Key Verse: 2 Corinthians 7:10 “For godly sorrow produces repentance to salvation, not to be regretted; but the sorrow of the world produces death.”
One day, while pastoring in Jerusalem, I was visited in my office e by a young man with a stricken conscience. He had done something very wrong and, in our Sunday evening service that week, had become very convinced of the wrongness of his action. As he spoke to me, his face was etched with sorrow, his eyes brimmed with tears and as we prayed his body shook with sobs. When he left he said, “Thank you, pastor , for praying with me about that sin. I wish I’d never done what I did, but I believe God has forgiven me. I’ll never do it again.” To my knowledge, he never did.
In Paul’s terms, the young man had experienced “godly sorrow”. Or, as some of my evangelical friends might put it, “conviction of sin”. Perhaps a psychologist might call it guilt. But what gave it value was its product: repentance. The young man turned away from his sin and never did it again. And, by the way, was much happier (or “healthier”) as a result. His repentance strengthened his life.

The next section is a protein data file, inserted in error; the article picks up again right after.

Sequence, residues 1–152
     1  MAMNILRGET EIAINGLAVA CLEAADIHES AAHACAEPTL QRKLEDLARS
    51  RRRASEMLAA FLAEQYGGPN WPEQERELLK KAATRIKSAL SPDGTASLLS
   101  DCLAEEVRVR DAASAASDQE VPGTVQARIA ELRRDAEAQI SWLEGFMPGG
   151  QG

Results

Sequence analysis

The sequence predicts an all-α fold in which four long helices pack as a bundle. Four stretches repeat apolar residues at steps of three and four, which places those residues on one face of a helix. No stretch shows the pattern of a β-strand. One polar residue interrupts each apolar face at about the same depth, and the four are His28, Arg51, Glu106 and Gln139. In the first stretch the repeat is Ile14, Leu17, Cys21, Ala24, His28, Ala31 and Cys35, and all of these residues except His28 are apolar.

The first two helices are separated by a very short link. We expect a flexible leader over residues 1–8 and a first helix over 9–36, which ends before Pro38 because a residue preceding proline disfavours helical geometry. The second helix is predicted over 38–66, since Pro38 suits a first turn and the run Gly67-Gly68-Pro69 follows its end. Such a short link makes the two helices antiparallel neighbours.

Contrast this to the person who does wrong, feels guilty, but does nothing about it. His conscience may be stricken, but he continues to sin. What happens? Eventually, his action erodes his conscience. It chips away at that inner voice until that voice is silent. His conscience has become “seared”. Tenderness of heart gives away to scar tissue.
All of us have the potential to kill our conscience. No, we won’t doing it with one shotgun blast, but we do it by degree, little by little, until our moral sense is dead. And, in Biblical terms, when our conscience dies, our spirit dies. If we refuse to listen, we are choosing spiritual death. We may have no regrets today, but there will come a day of great regret. So why not choose life today. Repent and live!